5.  They offer time to reflect upon where you are now as a writer and where you want to be in the future.

4.  They also offer time to step back and see God’s hand at work in and through your writing.

3.  Somehow, unexpected doors for your writing will open in unexpected ways and under the most unexpected circumstances.

2.  Someone else does all the cooking and cleans the bathrooms.

1.  At a writers’ conference you are with like-minded people who think your obessions with reading, composition notebooks, ballpoint pens, and mechanical pencils are absolutely normal.

Have you ever been to a writers’ conference? What’s on your top ten list?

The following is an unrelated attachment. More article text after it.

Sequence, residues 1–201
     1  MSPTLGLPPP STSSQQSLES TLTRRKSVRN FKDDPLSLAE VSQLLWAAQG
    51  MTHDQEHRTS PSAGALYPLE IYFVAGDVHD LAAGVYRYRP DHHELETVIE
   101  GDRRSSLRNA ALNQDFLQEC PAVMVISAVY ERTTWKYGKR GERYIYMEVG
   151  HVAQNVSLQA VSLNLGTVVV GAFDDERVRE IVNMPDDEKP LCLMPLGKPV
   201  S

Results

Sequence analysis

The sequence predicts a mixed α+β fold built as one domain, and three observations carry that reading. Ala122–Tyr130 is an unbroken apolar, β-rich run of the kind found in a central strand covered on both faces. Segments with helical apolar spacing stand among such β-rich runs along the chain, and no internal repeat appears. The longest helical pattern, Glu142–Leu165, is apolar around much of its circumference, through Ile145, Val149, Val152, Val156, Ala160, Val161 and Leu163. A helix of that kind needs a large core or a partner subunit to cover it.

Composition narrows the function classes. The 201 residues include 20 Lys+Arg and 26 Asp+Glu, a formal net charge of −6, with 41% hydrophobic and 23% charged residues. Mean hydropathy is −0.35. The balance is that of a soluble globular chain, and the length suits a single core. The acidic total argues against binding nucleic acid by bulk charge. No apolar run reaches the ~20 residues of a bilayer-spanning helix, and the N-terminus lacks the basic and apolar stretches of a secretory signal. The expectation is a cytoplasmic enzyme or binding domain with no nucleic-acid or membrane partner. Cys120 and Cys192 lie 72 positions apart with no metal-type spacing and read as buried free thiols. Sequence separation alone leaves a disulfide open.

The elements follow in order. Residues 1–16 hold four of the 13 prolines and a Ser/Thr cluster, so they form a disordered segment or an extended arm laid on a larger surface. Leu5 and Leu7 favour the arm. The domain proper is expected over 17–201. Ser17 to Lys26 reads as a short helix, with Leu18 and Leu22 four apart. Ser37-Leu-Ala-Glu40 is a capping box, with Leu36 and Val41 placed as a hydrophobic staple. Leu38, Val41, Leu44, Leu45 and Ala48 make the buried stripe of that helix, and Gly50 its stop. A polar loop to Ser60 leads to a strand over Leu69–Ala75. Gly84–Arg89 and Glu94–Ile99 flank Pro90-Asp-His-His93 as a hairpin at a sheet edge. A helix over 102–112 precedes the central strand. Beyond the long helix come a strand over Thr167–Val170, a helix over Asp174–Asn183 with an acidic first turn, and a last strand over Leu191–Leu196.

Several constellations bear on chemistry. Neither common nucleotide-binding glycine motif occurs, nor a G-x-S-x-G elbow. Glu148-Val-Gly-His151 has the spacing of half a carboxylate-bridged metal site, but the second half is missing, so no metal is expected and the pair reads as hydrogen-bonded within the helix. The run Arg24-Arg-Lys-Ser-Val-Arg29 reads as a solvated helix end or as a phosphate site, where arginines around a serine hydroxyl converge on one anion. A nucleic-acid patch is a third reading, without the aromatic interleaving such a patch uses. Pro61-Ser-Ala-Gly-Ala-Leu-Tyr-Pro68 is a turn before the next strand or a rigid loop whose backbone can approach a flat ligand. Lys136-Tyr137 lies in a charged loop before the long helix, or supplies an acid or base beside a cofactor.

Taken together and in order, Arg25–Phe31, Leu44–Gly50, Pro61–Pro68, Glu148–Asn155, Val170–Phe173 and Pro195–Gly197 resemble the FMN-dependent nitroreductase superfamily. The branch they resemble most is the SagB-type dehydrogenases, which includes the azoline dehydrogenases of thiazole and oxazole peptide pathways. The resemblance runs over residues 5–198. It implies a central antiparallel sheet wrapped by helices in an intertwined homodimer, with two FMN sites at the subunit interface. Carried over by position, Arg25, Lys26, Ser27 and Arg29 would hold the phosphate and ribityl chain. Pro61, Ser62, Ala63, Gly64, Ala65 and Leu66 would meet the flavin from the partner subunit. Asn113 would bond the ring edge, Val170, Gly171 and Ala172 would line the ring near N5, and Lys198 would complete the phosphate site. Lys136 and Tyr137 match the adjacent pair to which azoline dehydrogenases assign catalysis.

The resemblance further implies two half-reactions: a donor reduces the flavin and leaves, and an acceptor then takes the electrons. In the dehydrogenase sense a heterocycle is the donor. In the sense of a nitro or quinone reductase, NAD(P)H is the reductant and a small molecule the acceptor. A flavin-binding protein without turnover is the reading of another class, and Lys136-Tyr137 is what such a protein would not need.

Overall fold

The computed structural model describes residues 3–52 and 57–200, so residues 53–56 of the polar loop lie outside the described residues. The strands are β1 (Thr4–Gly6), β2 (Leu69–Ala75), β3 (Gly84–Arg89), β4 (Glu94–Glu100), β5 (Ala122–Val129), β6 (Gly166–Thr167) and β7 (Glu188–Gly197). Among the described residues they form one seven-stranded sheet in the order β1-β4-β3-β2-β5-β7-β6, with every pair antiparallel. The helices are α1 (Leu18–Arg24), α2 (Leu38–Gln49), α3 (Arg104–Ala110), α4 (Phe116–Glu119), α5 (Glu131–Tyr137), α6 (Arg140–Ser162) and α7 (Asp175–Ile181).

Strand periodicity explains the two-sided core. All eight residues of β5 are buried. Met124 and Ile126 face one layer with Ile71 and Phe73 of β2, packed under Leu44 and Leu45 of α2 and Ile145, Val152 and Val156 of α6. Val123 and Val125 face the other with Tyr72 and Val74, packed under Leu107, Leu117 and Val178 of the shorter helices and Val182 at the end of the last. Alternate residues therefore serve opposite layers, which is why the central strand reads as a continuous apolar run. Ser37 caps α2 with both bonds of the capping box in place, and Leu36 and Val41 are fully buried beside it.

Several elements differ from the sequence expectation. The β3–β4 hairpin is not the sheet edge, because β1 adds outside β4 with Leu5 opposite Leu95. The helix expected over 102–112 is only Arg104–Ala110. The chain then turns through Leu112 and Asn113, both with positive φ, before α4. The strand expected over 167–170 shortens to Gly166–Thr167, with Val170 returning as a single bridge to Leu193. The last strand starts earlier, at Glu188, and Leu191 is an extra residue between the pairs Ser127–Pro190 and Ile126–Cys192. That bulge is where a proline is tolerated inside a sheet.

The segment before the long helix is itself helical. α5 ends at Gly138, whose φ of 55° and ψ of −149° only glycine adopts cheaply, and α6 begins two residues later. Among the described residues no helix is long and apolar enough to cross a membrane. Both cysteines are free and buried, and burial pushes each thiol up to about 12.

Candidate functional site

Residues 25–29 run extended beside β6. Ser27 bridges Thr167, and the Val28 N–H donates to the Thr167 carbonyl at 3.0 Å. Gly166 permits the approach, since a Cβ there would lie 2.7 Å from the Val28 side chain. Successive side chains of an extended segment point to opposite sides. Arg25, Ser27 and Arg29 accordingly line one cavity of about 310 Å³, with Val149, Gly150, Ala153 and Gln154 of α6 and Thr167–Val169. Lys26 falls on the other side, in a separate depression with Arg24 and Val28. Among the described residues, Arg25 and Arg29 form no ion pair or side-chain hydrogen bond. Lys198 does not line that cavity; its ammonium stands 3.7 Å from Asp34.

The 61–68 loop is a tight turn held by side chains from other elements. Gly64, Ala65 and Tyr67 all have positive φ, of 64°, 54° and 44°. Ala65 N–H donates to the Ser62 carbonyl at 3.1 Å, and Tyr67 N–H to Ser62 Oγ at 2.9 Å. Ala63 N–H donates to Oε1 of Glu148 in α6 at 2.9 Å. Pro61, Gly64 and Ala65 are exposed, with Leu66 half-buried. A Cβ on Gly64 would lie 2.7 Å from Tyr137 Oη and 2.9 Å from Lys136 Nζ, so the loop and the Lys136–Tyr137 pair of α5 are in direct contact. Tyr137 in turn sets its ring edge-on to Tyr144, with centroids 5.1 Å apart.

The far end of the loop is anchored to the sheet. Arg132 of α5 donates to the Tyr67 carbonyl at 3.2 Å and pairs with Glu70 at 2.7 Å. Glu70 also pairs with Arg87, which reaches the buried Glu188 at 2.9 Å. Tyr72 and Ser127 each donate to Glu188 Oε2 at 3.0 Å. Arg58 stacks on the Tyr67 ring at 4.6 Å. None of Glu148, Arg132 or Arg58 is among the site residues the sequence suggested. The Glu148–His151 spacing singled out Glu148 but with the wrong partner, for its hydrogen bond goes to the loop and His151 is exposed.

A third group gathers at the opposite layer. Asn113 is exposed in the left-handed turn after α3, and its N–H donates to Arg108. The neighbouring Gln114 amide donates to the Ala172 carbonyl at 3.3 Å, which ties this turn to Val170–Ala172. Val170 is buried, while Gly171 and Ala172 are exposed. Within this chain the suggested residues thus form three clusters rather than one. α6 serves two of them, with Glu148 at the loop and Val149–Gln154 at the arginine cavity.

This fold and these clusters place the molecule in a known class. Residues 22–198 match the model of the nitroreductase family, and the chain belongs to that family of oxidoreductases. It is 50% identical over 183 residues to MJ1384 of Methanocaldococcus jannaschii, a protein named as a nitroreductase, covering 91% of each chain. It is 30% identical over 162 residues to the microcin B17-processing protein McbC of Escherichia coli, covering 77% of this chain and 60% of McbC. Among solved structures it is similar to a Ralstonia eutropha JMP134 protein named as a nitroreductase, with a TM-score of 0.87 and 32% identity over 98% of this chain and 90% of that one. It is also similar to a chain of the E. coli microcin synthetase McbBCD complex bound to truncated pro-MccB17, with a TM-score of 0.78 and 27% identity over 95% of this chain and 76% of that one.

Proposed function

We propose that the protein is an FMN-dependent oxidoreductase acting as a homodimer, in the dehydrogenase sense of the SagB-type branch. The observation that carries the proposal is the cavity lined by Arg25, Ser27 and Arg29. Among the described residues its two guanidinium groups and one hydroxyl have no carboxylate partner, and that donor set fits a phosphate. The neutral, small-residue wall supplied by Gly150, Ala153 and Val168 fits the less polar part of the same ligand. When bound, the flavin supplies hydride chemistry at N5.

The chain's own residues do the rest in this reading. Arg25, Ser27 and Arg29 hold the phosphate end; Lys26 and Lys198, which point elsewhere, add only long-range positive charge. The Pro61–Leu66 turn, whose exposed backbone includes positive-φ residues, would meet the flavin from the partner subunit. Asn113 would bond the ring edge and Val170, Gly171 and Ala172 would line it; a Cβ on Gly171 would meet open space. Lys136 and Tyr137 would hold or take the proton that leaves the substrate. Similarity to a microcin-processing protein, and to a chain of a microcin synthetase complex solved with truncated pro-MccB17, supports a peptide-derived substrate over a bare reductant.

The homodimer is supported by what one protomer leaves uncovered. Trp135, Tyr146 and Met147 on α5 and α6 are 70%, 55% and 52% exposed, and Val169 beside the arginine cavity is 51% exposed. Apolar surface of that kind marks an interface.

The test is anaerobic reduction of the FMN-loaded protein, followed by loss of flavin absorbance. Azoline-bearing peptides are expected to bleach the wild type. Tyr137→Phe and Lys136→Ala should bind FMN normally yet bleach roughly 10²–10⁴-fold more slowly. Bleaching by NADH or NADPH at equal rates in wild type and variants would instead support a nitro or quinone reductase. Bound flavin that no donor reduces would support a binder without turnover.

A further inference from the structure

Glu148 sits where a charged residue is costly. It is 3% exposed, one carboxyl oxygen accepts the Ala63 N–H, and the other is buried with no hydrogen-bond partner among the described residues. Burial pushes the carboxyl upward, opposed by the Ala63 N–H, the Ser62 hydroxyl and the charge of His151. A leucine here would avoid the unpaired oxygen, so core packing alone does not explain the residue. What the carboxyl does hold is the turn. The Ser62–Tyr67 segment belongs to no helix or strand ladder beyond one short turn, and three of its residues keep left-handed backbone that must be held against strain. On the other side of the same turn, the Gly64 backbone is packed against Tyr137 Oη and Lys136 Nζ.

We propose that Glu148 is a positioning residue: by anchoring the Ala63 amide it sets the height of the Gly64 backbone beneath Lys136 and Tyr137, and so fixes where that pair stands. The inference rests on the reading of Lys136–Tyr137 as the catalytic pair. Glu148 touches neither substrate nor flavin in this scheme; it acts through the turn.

Three Thoughts for Thursday

 

Memory loss versus discernment, baby proofing epic fail, and June eating in this week's 3 thoughts.

  1. Mom was reading Us magazine in the lobby before a recent doctor’s appointment. She looked at me and said, “This is a piece of junk.” Proof positive that short term memory loss ≠ loss of discernment.
  2. You know your efforts to baby proof are an epic fail when the 14-month old uses the outlet covers as teething rings.
  3. Fresh strawberries, wilted greens, and sugar snap peas at supper. What’s not to like about June eating in Iowa?

What’s your favorite June delicacy? Leave a comment.

Non-Dairy Strawberry Crisp